At $200 per computer, One Laptop Per Child (OLPC) has sold or facilitated donations of about 2.5 million laptops to classrooms in 42 different countries.
A new study suggests those laptops do not, however, have any effect on achievement in math or language.
The study, which was conducted by development funding source in Latin America called Inter-American Development Bank, looked at 319 public schools in Peru. It found that although OLPC students were more likely to use computers than their non-OLPC counterparts, the two groups scored about the same on math and language assessments 15 months after laptops were deployed.
Furthermore, the laptop program did not affect attendance, time allocated to school activities or quality of instruction in class. Even though the laptops came loaded with 200 books, reading habits of recipients matched those of their control-group peers — 74% of whom have five or fewer books in their homes.
“It has been suggested that the introduction of computers increases motivation, but our results suggest otherwise,” write the study’s authors.
Students with OLPC laptops did, however, score better than their peers on tests for general cognitive skills.
Considering previous research on one-to-one laptop initiatives, the lack of evidence that OLPC influences learning outcomes isn’t surprising.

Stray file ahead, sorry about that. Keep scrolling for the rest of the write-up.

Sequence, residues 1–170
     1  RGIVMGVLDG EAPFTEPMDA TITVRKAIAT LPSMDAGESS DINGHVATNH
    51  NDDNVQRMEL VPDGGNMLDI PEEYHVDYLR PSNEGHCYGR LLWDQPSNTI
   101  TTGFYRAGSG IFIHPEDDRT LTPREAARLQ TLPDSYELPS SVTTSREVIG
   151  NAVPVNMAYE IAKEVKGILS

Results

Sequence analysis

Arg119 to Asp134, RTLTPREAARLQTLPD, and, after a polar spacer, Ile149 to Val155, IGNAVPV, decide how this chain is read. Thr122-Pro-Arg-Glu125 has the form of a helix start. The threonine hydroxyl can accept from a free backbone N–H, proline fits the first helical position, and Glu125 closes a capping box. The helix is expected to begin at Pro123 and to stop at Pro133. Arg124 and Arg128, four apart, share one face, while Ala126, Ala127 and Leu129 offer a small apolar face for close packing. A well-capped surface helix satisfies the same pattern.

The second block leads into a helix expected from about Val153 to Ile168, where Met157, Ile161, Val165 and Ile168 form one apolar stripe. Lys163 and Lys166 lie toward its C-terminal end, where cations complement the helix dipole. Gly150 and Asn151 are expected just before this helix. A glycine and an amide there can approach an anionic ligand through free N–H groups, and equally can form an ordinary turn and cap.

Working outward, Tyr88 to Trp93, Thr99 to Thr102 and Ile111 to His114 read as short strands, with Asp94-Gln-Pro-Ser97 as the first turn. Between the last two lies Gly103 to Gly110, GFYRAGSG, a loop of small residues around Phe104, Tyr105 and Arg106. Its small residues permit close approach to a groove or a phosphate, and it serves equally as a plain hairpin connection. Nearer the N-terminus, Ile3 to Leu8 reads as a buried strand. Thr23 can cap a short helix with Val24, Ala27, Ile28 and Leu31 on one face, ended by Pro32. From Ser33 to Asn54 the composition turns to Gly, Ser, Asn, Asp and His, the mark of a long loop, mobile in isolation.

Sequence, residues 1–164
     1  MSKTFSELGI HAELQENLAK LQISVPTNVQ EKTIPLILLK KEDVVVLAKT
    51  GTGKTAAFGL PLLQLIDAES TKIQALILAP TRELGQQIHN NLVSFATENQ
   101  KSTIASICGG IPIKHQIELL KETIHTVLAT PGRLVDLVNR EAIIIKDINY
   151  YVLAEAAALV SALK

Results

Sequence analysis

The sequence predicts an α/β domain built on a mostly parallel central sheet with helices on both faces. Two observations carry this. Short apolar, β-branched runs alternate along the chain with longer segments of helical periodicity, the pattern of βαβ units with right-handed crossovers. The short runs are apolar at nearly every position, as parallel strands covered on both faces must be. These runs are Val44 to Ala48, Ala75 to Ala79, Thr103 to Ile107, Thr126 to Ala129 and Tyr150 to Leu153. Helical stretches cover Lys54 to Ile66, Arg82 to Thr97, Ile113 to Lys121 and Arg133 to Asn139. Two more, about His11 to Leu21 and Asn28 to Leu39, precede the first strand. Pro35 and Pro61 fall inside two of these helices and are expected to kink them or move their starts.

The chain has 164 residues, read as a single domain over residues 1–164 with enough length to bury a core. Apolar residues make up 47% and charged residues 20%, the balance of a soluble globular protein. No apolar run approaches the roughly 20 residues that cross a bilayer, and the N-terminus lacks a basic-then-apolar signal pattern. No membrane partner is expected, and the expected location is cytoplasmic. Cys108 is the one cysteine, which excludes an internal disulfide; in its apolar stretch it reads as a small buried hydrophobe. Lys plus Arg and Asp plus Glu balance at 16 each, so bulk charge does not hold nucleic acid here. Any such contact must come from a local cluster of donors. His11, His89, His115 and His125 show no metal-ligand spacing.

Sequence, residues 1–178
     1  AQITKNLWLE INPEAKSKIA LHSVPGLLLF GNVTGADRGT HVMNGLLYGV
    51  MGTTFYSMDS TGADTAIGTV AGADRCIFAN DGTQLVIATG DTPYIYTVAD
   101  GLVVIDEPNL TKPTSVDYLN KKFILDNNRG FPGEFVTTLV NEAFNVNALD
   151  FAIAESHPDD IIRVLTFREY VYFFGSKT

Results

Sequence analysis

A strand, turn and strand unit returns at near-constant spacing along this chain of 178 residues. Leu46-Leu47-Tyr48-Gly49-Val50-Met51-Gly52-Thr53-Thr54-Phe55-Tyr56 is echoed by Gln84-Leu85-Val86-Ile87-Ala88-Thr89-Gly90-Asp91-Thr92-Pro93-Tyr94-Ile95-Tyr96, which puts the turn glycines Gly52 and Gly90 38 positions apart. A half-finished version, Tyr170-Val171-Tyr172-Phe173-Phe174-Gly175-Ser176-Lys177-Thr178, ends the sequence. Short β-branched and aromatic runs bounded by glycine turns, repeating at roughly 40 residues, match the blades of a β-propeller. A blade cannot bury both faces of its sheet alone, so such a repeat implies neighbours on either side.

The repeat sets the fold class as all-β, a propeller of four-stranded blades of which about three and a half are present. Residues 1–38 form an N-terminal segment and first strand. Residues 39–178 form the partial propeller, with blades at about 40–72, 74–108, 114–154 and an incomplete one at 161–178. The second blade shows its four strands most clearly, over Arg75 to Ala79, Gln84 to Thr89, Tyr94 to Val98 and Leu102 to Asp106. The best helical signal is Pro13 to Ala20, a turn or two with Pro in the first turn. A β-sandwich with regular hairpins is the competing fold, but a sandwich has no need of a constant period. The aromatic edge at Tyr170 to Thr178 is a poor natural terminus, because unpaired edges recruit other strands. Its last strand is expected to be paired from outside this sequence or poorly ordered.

A 2010 review of one-on-one laptop initiative research by the government of New South Wales boils down the reason for such mixed results to simply “leadership is crucial.”
In other words, laptops are not magic cure-alls for educational woes (surprise!).
“One-to-one laptop programs may simply amplify what’s already occurring—for better or worse—in classrooms, schools, and districts,” writes Bryan Goodwin in a recent article about one-on-one computing in Educational Leadership,
NCLB did not respond to requests to comment on this article. But it’s hard to argue its mission of increasing access to computers, even computers that don’t magically improve tests scores, is a bad idea. The bigger question is whether $200 laptops are the best education investment that low-income countries — which spend on average $48 per year per student — can make.
Should the lack of evidence that students learn better with NCLB laptops change this equation, or are the benefits of individual laptops that can’t necessarily be measured more important? Let us know in the comments.